New student center tool to track graduation progress announced

Courtesy of Sacramento State

Courtesy of Sacramento State

Daniel Wilson

Smart Planner, a new tool in the Sacramento State Student Center unveiled by President Nelsen on Oct. 7, will soon allow students to view required coursework, plan upcoming semesters and work with academic advisers in a more streamlined process for staying on track to graduation.

Smart Planner generates a roadmap based on information provided by each academic department, which details required coursework for each student’s specific degree program and places these classes into a semester-by-semester schedule that can then be customized to fit each student’s needs.

Smart Planner will roll out in two groups of majors — one on Oct. 17 and the other in March of 2017. The first group will include approximately 70 majors — about 8-9,000 students.

“The tool is sort of complex on the backend and I think that creates simplicity on the frontend,” said Christine Miller, interim vice president for Information Resources and Technology, during a presentation at a recent faculty senate meeting. “It understands the general education requirements. It understands the prerequisites, the co-requisites and all of the ways that students can satisfy a degree requirement.”

If a student tries to plan to take a certain class prior to its prerequisite, for example, an alert will inform the student that a revision is needed. For expressed interest students — those who are planning to apply to an impacted major — Smart Planner will show the roadmap, but those students would need to meet with an adviser before making any changes in their Smart Planner.

Smart Planner is part of the new Finish in Four initiative under the KEYS to Degree (Kit to Empower Your Success) toolbox. The toolbox includes existing programs that directly connect with Smart Planner like the Sac State scheduler, transfer credit report, graduation application, academic requirements report and more.

In addition to being a student planning tool, Smart Planner, which was chosen approximately one year ago through an evaluation process of several alternative degree-planning tools, will help faculty, administrators and academic advisers collect important data on student behavior to help improve graduation rates by allowing them to gather information such as which courses and programs are in need of more sections or larger class sizes.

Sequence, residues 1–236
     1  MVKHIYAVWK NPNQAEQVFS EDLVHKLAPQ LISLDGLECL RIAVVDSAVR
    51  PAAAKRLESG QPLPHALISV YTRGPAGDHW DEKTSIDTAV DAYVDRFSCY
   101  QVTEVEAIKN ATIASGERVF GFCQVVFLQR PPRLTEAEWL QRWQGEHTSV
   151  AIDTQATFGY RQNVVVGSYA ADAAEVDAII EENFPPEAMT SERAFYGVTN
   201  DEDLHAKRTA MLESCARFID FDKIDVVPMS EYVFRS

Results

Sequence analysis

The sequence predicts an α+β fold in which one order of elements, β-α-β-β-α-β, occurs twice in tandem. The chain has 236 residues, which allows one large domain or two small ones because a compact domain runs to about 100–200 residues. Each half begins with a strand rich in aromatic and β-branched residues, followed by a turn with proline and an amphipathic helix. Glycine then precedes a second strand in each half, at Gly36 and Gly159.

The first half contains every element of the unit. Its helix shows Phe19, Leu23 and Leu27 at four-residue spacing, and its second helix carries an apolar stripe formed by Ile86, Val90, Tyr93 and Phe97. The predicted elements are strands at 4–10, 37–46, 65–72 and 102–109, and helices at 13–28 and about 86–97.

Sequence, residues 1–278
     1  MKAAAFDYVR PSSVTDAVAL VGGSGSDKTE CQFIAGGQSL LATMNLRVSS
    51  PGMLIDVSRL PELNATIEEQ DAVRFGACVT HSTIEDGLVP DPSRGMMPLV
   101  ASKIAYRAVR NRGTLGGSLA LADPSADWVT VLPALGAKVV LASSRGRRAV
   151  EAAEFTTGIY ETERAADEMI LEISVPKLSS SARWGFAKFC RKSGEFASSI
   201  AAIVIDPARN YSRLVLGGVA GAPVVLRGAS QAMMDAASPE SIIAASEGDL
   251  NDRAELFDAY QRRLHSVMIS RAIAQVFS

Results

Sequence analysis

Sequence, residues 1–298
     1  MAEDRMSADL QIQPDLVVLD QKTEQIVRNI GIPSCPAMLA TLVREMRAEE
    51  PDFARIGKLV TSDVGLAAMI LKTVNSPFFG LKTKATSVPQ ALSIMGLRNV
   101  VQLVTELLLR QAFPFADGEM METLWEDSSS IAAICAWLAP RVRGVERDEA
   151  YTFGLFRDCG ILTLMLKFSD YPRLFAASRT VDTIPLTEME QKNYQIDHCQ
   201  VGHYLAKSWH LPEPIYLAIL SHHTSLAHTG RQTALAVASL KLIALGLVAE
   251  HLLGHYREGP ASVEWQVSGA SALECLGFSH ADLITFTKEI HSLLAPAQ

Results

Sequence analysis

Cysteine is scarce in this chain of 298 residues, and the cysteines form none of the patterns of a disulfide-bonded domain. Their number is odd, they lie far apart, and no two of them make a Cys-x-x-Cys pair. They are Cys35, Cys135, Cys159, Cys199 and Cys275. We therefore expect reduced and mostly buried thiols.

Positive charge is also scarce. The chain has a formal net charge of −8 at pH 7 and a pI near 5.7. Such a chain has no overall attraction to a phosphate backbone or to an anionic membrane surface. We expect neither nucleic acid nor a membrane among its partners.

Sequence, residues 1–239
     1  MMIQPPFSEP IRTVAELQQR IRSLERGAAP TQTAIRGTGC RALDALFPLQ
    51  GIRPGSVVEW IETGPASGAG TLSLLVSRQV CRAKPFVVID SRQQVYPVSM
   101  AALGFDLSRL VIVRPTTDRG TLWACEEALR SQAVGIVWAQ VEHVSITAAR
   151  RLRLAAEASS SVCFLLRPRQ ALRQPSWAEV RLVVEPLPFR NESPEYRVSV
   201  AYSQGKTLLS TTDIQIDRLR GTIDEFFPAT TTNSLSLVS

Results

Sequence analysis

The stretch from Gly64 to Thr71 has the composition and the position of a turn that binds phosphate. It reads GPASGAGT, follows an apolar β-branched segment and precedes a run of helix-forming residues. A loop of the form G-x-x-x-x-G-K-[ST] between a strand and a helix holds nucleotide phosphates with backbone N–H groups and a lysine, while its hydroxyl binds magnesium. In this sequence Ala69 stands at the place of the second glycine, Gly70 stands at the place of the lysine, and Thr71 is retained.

“I think that’s been a barrier in the past to graduation — not necessarily having that alignment between the courses students need and the courses that are offered,” Miller said. “This gives us a source of data to help make improvements.”

Miller said even though use of Smart Planner isn’t required, she thinks it will attract enough usage to create valuable data for administrators. The previous planning tool, My Planner, was used by a large number of students despite never being promoted by the administration, she said.

“I think there’s a student appetite for a tool like this and when we taught peer advisers (how to use Smart Planner), they were very engaged and immediately started plugging in their own information and trying to use the tool,” Miller said. “Just by virtue of having that outline available for all students, we at least know the major courses that are required, so we still have some data even without making it a requirement.”

Changes can be made by advisers and students in real time during advising sessions, so the hope, according to members of the project team, is that Smart Planner will help make the process more productive. Smart Planner is intended to help students plan, but the aim isn’t to replace academic advising, according to Miller.

Smart Planner can also be accessed in the same way by faculty members who want to help students make changes to their plans or suggest alternative paths.

“It’s been really awesome to see the power of the tool,” said Andrew Michaud, graduate studies director for the ASI board of directors and student representative for the Smart Planner project. “It is a very powerful tool. Students are able to grasp onto it really quickly and in my perspective, it’s going to help us really improve graduation rates because students are able to see (what they’re) looking towards in the future.”

Michaud added that because students will be able to plan out their coursework for the coming semesters with this tool, it will allow for scenarios such as a major change consideration because it would be able to display what that would entail in an easy-to-evaluate manner and help students make more informed decisions.

Professor of Sociology Todd Migliaccio, who acts as voice of the faculty for the project, said he’s looking forward to the launch of the program after having worked on it since the beginning.

“It’s going to be a great tool for students and I think it’s going to be a great tool for faculty to advise students,” he said. “Everyone who’s (tried it) thus far has loved it. It’s going to give faculty the ability to have a different conversation – a more proactive one.”

All of the resources in the KEYS toolbox, including Smart Planner, are part of a larger Sac State graduation ecosystem aimed at improving time to graduation. Additional student tools are in the works including one that will launch alongside Smart Planner and help students better monitor financial aid status, according to Miller.

To find out whether your major is part of the first or second launch group, visit, click on “students” and then scroll to the dropdown menu under the “When Can I Access Smart Planner?” heading and select your major.